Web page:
Every important teacher has ultimately taught me the same thing:
It gets easier, but it never gets easy
When the endeavor becomes automatic, taken for granted, you’re losing it. To be a master of a sport, a discipline, an art, you must always remain curious, engaged, open to learning from anyone and everyone who might provide an insight, an approach from their own hard-won expertise.
This means that it is forever hard, forever a challenge, for ever baffling. The more you learn, the better you get. The better you get, the more that you can learn, the more that you can advance.
A former PGA touring pro taught us to know where we wanted to put the ball — and then to put it there using our skills, technique, the results of hours of lessons, of practice under hot sun on days when nothing went right and we despaired. He taught visualization before it was labeled and packaged as a nifty way to get what you want.
You were to look out where you wanted to go, imagining the final arc as the ball landed there. When you looked back at the ball to make the shot, you were to keep that end in mind, just the bit at the end and the goal, not how you got there or how pretty you looked or anything other than getting to the goal.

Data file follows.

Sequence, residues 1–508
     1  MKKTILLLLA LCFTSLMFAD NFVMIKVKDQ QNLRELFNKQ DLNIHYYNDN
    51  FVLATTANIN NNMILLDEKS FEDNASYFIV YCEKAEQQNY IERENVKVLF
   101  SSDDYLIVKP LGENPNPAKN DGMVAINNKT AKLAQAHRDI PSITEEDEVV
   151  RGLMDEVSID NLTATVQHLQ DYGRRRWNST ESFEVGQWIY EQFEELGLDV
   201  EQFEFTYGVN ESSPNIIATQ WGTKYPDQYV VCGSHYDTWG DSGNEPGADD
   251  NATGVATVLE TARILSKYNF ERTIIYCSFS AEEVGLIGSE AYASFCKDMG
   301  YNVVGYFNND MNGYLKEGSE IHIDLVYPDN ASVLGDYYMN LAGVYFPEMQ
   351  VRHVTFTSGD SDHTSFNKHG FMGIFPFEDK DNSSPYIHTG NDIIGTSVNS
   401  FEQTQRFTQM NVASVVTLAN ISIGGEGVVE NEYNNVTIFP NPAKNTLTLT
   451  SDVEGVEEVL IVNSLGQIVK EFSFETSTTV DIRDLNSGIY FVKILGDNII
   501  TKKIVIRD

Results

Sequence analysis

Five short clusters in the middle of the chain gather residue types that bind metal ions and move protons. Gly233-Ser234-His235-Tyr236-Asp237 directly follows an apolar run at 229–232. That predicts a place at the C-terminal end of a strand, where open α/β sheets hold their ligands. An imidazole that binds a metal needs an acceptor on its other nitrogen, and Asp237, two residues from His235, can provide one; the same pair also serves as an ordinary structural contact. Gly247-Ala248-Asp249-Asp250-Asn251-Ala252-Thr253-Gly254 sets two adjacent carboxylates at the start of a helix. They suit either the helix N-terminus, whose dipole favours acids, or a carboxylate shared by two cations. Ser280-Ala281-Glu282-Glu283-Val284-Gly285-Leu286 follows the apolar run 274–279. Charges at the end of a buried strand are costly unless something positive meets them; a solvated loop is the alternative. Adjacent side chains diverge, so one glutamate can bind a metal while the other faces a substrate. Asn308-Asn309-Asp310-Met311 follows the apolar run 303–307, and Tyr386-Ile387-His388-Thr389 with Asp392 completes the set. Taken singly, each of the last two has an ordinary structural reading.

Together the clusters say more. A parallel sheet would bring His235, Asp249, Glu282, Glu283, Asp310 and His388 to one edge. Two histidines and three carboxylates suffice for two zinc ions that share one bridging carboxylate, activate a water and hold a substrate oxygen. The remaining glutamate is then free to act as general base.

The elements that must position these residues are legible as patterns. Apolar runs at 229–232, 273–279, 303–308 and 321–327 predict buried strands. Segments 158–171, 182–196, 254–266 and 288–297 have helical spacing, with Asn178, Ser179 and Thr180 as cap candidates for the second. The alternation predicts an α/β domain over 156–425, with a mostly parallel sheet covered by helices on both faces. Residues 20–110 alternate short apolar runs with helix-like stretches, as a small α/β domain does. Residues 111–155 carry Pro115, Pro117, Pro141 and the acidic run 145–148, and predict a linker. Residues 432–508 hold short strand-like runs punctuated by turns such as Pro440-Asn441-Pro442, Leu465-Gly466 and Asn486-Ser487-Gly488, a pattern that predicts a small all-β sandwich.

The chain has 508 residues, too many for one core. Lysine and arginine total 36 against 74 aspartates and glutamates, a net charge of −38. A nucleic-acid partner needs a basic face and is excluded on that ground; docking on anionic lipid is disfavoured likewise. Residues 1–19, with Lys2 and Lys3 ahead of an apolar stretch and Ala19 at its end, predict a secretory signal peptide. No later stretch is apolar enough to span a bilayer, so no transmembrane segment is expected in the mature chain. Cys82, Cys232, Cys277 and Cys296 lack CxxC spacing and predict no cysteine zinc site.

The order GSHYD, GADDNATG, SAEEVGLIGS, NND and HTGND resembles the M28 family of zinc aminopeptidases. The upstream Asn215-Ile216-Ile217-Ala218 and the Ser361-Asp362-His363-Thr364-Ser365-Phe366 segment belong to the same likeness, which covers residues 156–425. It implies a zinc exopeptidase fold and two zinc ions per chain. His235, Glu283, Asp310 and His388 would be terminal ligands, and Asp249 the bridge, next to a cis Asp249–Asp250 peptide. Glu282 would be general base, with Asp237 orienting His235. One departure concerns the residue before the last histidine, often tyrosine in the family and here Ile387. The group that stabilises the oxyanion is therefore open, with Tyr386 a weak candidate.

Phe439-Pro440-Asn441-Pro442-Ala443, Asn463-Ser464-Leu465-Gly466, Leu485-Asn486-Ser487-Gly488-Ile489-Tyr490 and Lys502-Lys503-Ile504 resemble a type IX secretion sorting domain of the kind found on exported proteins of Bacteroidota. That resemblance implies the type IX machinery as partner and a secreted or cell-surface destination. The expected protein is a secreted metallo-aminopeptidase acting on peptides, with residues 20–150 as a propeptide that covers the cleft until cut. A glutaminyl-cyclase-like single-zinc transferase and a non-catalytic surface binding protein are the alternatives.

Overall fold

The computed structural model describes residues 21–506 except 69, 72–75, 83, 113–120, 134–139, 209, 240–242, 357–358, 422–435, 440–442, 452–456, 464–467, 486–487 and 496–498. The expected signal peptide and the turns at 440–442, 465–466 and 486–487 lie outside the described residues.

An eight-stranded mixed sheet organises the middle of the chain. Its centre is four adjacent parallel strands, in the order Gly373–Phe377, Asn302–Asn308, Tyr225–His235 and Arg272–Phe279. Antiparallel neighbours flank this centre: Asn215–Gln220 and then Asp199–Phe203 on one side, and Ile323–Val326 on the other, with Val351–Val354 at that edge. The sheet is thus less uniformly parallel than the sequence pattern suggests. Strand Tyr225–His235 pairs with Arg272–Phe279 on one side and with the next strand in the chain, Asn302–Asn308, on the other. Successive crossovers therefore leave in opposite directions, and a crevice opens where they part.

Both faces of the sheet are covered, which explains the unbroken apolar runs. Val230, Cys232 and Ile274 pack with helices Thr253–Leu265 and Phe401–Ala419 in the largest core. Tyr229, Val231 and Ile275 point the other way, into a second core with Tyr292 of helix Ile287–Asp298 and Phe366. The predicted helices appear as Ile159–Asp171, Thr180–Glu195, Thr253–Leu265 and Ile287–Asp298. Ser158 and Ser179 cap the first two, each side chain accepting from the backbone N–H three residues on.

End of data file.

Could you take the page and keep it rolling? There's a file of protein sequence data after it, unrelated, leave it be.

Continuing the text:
We were taught to say “Show me your PGA card” to anyone who offered to improve our game. Be sure the helpful person has mastered the game, try out what they say if it makes sense, use the advice only if it works for you.
It can be heady stuff to make the tough shot, to do great work. It is even headier to take that accomplishment and keep on going, improving, learning, and staying deeply curious. It is always going to be hard, but the hard is going to change from all-around horrible to specific areas that you choose, knowing that it’s hard now but it’s going to be so worth it.
Easy is overrated.
Leave it for things you don’t care about.